As if a tricky ticker, collapsing trachea, allergies, yeast, acute cough-gag-wretch and a chronic itch with no obvious cause or cure wasn’t enough, now we have halitosis to add to Scratchy’s ever-growing manifest of maladies. It’s not paint-peeling bad, but it’s stinky enough to make you recoil as if you’ve stumbled into a sewer. If you consider how indiscriminant dogs are with their food choices (we cared for dogs in Mexico who snacked on cow paddies) and which body parts they spend a lot of time licking, it’s no surprise they have potty mouths.
But the most common cause of bad breath is bad teeth — in pets and humans — specifically plaque and tartar build-up, which often leads to gum disease. And, for whatever reason, smaller dogs suffer it the most. At least one veterinarian claims that, by the age of three, seven out of 10 pets have dental disease, and stink breath is a prime indicator. As grody as mung mouth can be, if the root of the problem is simply tooth-related, and if you catch it early enough, you and your hound can breathe easy. It’s a simple fix: just brush his teeth.
I confess I’ve never done it. It’s not that I’m anti-dentite, it’s just always seemed so absurd to me. (Statistics show I’m not alone: apparently less than 1% of pet owners do the deed regularly.) I keep imagining a wolf in the wild, pausing from gorging on a kill to ask the pack: “Hey, I’ve got a piece of entrail stuck between my teeth. Anybody got some floss?” But I realize today’s commercial dog foods are often rife with additives of dubious origin (including sugars) that can stick to their teeth, and tooth trouble can lead to so many other problems, so I suppose it makes good sense for me to brush up on it. Veterinarians insist you do it every day, and that if your approach is patient and gentle, you can even teach an old dog this new trick. There are pet-friendly pastes and gels (human toothpaste is verboten, as it’s upsetting to mutts’ guts) that taste like — gag! — beef or chicken, and even rinses and polishes to keep those incisors pearly white (and, um, “puppermints” for that minty-fresh scent).
As I casually approach Scratchy with a brush cleverly hidden behind my back, he stops digging at his ears long enough to eye me suspiciously. He senses something’s up and begins to creep away. Before he has time to pick up speed, I scoop him up and plop him on the couch, cooing to him about what a good boy he is. He knows this is clearly not true, and begins to squirm. I hold him firmly but gently and lift his upper lip. As I bring the brush to his mouth, he shrinks back, clamps his teeth shut like a vice and begins to wag his head from side to side like a kid dodging a forkful of broccoli. I finally get him in a headlock and he goes limp, resigned to this new form of torture effort to make him healthy. I scratch his head and sing to him softly — “Open wide, here comes the choo-choo train,” then I move in with the brush. I manage a few up and downs to his clenched molars before he slips from my grip and flees up the stairs. Well, it’s a start. After subsequent attempts are rewarded with a few after-brush treats, he gives in and accepts that this is one more humiliation he must endure if only to snag a snack when the deed is done.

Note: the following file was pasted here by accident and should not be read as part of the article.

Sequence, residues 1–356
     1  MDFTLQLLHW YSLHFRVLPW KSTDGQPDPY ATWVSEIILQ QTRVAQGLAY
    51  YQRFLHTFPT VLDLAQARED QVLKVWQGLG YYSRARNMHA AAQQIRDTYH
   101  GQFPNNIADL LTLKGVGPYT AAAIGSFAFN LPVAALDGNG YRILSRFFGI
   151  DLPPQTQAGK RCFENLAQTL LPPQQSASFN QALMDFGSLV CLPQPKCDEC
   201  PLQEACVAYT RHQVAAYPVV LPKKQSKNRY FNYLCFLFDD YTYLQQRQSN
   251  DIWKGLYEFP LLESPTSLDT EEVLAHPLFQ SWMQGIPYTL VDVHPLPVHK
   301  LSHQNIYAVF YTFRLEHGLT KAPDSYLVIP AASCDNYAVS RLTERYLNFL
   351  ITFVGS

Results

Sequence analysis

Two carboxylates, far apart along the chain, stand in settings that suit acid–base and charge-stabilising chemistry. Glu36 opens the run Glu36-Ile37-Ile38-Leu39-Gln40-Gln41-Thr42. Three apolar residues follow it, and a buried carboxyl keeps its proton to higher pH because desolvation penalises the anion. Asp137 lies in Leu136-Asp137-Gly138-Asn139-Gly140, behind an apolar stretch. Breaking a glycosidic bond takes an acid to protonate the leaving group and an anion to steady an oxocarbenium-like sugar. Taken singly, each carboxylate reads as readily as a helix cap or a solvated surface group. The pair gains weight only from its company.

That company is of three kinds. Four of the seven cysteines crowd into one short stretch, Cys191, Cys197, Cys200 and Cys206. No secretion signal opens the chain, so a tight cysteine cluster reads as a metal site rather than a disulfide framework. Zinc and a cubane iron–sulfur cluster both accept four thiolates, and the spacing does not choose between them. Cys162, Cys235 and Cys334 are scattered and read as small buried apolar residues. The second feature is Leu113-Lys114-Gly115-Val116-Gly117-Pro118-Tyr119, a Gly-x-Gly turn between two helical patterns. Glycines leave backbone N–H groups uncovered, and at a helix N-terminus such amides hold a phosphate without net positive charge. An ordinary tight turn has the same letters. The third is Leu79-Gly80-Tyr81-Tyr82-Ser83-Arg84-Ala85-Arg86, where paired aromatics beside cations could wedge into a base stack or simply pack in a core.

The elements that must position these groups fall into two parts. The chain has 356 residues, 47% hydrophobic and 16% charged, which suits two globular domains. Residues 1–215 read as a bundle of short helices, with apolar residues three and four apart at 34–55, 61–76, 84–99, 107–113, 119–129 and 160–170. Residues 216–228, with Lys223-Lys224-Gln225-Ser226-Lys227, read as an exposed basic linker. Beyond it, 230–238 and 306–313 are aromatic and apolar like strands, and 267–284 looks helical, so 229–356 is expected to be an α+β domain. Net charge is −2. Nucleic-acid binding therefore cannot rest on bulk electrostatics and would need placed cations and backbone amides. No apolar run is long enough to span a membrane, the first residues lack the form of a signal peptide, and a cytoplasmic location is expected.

I can’t tell if Scratchy’s chompers have a lot of plaque build-up — I’ll let his parents get that checked out — but if he did, it’s best to leave it to the pros to scrape it away. If it turns out his fangs have deteriorated into periodontal disease, which you can’t see because it lurks beneath the gum line, he’ll have to undergo general anesthesia for a full cleaning, poor bugger. The upside of him being knocked out cold is that the vet will take the opportunity to examine him for other potential problems like abscessed, broken or missing teeth, receding gums, swollen lymph nodes, ulcerations, infection, tumors and cancers. His tongue, tonsils, lips and jaw will also be checked (and/or x-rayed) for any oddities.
Thankfully we didn’t have to put Scratchy through this, and after about a week or so of brushing and special plaque-fighting, breath-freshening chews, his mouth started to smell, if not like a spring morn in a lilac field, at least not like a pail of rotting fish. The last thing we wanted was to add yet another major ailment to the ever-growing list. After boning up on the subject, I found out some pretty freaky facts: that if good dental hygiene isn’t the cause of a dog’s dragon breath, it could signal an issue with his respiratory system, gastrointestinal tract or organs. If his breath suddenly starts smelling sweet, you shouldn’t celebrate — it could be a sign of diabetes. If it smells of urine, it could be kidney disease. If the foul odor is coupled with vomiting, lack of appetite and yellowy eyes and/or gums, the poor pooch may have a failing liver. If there’s discharge, excessive drooling, decrease in appetite or difficulty eating, lack of energy and depression we’d have a potentially fatal disease on our hands. Yikes. Scratchy displayed none of these symptoms so, for now anyway, we could breathe a sweet sigh of relief.